Have you ever thought about starting your own ministry? Girlfriends Pray founder Dee Marshall tells you how.
I started my ministry, Girlfriends Pray, by accident three years ago and it turned out to be one of the best things that has ever happened to me.
Girlfriends Pray has allowed me stand before God daily as a servant-leader who encourages women around the world to strengthen their relationship with Christ through prayer. There are over 70,000 women who have been touched by my ministry, and many of them have expressed that they, too, want to start a service-based initiative but they don't know where to start.
The first, and perhaps most important, question that I challenge you to ask yourself before launching your own ministry is: "What is my intention?" In order for you to be successful, the heart of your motive has to be to serve. No other motive will keep you moving forward when the going gets tough. (And it will get tough.) You must want to genuinely see other people's lives improve as a result of the work you're doing. If you go into ministry thinking that it will build up your own name, increase your social media following or gain you some additional prestige, you're in for a very rude awakening. Those things may come later on, but they should not, and cannot, be the reason you want to get started. Your ministry should be built on service and service alone. Once you begin to selflessly uplift, inspire, motivate and empower, you will begin to bear fruit that will energize you to keep going and do more.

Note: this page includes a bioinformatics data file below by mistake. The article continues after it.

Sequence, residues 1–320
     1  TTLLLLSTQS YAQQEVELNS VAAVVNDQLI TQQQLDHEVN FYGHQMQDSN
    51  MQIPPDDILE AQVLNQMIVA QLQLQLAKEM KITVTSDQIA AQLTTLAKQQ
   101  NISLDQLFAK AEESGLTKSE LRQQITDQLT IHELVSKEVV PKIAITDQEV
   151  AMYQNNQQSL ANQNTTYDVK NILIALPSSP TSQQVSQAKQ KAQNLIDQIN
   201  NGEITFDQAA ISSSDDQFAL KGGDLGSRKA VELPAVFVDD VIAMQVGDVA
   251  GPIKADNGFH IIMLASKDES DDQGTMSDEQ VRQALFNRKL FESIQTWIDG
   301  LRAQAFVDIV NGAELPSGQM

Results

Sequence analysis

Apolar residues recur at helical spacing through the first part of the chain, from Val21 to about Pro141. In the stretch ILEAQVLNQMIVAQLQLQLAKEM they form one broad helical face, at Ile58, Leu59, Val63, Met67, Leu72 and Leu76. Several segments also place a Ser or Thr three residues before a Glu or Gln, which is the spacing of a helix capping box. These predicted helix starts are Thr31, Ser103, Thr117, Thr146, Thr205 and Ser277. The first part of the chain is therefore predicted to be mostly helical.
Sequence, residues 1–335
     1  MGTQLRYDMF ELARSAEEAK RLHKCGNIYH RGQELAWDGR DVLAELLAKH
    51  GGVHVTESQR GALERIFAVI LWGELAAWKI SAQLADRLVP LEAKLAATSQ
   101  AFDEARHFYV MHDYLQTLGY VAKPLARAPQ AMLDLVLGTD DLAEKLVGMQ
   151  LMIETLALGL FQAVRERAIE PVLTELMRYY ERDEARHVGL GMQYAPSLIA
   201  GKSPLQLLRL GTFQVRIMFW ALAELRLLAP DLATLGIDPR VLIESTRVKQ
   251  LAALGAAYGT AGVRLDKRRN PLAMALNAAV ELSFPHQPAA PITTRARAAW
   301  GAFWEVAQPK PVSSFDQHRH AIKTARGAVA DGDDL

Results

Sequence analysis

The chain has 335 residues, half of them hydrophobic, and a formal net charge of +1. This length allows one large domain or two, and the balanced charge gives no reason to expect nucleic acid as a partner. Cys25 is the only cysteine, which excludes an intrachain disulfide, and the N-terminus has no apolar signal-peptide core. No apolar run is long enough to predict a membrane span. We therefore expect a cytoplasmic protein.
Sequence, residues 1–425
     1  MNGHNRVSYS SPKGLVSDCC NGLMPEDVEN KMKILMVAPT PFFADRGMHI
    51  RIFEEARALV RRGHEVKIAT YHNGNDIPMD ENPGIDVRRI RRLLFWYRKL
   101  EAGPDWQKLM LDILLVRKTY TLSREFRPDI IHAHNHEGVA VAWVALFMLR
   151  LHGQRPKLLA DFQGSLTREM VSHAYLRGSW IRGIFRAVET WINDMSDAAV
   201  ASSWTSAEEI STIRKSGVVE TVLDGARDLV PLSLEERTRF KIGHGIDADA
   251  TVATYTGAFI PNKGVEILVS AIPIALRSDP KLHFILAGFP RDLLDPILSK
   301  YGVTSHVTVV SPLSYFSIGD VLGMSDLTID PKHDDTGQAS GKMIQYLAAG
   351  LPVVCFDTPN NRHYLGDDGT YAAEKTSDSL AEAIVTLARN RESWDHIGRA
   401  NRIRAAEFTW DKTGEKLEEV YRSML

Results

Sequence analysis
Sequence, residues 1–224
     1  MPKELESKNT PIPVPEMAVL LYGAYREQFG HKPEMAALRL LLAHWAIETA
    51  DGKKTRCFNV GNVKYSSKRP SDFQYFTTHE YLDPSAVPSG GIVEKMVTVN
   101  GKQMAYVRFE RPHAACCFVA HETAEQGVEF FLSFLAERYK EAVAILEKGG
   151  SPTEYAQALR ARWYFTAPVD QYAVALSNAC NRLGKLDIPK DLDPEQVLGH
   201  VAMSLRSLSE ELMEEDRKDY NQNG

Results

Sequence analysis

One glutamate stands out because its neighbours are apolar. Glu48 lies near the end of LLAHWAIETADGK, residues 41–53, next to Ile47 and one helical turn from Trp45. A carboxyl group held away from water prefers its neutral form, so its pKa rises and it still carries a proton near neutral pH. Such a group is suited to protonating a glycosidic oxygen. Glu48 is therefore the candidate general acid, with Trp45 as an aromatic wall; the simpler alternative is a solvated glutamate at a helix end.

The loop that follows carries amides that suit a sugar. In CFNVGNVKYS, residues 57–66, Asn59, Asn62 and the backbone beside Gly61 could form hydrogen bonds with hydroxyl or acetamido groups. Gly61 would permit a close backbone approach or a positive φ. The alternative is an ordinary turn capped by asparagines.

I also need to be clear that starting a service-based organization is not the same as starting a business. I was a business owner for over five years prior to Girlfriends Pray, so I can tell you firsthand that my ministry work and my consulting business are run very differently from one another. My ministry has service at its core, but more importantly, my ministry forced me to develop spiritually and become a better woman first before I could help others.
How could I expect to stand before crowds of people and advise them about their spiritual lives if I had not first worked to nurture my own? Unlike a business, where you can hire an accountant to come in and count the money or file the taxes, in my ministry the only person who could work on me was me. Some aspects of a ministry you cannot outsource. I had to do the hard work of getting real with myself about the Christian walk I knew I had been called to take. I had to rearrange my schedule to ensure I made time for some serious one-on-one time with God daily so I could hear His voice as I carried out this mission. It was hard work and like nothing I had experienced in my business— but it has been so worth it.
As you go forward in your quest to become a servant leader, it's vital that you start with these two components by checking your motive and checking yourself. Not a day goes by that I don't pour my heart, mind and soul into Girlfriends Pray, but for every part of me that I give, I have seen God develop my life and my desire to serve tenfold. It is a daily sacrifice but one that is a huge blessing because I'm living in my purpose and executing the mission the God has called me to do.
Dee Marshall (pictured) is a certified Coach and founder of Girlfriends Pray, a ministry that encourages and empowers women through prayer. Marshall also organizes Girlfriends Pray Life Camp, which helps women develop life skills and become servant leaders. Follow her at @DeeCMarshall.